About the Project
In a globalized world characterized by modes of economic production requiring the ongoing production of new knowledge, Africa will only compete if it is able to participate as more than a producer of raw materials for ‘reinvented’ goods. In order to do this, Africa needs to increase its research production. This will only be achieved if more doctoral graduates are produced and if its existing scholars are supported to work at the cutting edges of disciplines and subject areas.
However, the need for economic development is not the only reason for an increase in research production. Knowledge contributes to the stability of democratic societies. The opening up of research production to those who have been previously marginalized is central to this.
This project differs from many others aimed at increasing research capacity by focusing not on the development of structures, such as programmes, units or policies but by working in the ‘cultural domain’ to foster the development of research-rich environments in which academics and postgraduate students can thrive. Social scientists constantly remind us that culture is as important as structure but is often overlooked.
The focus of this project on creating postgraduate collaborations through fostering necessary research-rich environments emerges from various drivers. The pivotal role played by universities in responding to community needs through research requires continuous improvement in the level of postgraduate education.
In South Africa, the National Development Plan 2030 calls for 5000 PhD graduates per year. In 2010, only 1410 doctoral candidates graduated, in 2017, this had jumped to just over 3000.
At the same time, the Plan recognises that the academic workforce in South Africa is ageing. The need to produce a ‘new generation’ of academics who are more representative of the demographics of the country is imperative. About 36% of academics in the South African higher education system have doctorates. The goal in the Plan is to increase this to 75% by 2030. It is only by developing research rich environments and improving supervision that these goals will be achieved.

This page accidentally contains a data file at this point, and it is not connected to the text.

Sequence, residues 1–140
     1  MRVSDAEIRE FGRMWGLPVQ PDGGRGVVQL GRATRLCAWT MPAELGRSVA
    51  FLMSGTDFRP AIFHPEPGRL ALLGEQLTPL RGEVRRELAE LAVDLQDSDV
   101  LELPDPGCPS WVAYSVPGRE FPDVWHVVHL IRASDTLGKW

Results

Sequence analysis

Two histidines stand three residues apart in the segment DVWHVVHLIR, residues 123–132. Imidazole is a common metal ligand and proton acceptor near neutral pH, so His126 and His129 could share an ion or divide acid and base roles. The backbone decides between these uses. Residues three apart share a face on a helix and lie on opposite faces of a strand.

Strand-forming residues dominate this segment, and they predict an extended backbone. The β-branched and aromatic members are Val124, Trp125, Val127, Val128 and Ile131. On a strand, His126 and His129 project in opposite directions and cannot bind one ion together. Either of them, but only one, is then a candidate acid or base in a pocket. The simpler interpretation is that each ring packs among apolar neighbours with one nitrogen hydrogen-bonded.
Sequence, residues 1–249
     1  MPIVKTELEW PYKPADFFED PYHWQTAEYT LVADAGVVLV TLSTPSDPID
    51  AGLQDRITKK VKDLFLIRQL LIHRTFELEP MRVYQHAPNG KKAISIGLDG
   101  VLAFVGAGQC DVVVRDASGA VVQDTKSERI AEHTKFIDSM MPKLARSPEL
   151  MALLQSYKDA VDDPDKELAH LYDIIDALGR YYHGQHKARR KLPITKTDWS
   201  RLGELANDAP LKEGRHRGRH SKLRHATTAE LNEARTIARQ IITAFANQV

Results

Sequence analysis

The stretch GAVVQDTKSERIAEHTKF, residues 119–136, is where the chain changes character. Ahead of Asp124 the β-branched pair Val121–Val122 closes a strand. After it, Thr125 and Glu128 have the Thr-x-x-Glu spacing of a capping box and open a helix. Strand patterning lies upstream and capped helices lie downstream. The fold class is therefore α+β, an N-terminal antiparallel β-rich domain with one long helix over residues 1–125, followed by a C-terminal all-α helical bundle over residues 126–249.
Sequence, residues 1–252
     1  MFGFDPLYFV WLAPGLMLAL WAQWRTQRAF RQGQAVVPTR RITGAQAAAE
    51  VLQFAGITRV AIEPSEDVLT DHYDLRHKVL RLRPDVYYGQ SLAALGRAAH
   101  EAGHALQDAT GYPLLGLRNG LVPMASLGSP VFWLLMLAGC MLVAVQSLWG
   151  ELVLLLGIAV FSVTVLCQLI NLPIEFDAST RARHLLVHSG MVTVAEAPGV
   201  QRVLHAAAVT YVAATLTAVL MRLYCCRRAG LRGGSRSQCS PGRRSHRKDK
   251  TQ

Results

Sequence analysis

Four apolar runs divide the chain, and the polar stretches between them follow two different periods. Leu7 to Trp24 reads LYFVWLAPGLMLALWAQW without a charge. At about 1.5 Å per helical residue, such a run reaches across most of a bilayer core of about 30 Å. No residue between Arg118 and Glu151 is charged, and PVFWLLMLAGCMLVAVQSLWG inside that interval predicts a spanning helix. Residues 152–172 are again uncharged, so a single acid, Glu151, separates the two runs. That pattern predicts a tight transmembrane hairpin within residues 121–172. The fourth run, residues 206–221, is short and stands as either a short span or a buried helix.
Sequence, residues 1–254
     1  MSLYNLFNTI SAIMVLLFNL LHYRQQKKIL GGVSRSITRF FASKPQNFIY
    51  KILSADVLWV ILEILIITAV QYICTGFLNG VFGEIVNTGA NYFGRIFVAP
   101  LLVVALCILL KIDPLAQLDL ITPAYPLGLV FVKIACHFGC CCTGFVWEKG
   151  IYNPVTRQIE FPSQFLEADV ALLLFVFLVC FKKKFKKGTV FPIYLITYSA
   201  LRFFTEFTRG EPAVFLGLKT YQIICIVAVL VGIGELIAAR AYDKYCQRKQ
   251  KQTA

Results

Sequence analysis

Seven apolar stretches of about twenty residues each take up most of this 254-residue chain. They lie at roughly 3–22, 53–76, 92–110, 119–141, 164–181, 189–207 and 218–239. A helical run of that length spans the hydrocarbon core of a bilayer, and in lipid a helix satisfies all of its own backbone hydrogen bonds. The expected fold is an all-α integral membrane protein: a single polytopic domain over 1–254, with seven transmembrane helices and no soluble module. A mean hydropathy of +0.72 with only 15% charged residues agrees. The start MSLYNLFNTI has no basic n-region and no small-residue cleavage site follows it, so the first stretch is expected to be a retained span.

In Kenya, the National Strategy for University Education (2007-2015), which was revised to cover the period up to 2022, is aligned to the Ministry of Education’s (State Department of University Education) strategic goals to be pursued in line with Vision 2030 and the United Nations’ Sustainable Development Goals and propelled by science and technology, as contained in the National Strategy for University Education, 2007-2015 (Wandiga Report, 2008). The Vision 2030 envisages Kenya to be a middle income and industrialised developing country.
The Kenyan government recognises the importance of postgraduate training and research, and of science and technology in national and regional development and to meet societal needs globally. It also recognises the role universities play in this aspect and this is captured in the Policy Framework for Education and Training: Reforming Education and Training in Kenya, Ministry of Education (Sessional Paper, 2012 and No. 5, 2015).
As for the CPC project, the national priority of EACEA’s CBHE programme (KA2) with regard to South Africa (Region 10) and Kenya (Region 11) concerns “the development of research and innovation capacities”.
The Creating Postgraduate Collaborations project builds on previous projects focused on developing postgraduate education. The EU funded Enhancing Postgraduate Environments project resulted in the development of a range of open access materials for researchers, supervisors, and postgraduate students. The NUFFIC and DHET funded Strengthening Postgraduate Supervision project led to the development of a supervision development course offered more than 60 times in 22 South African universities.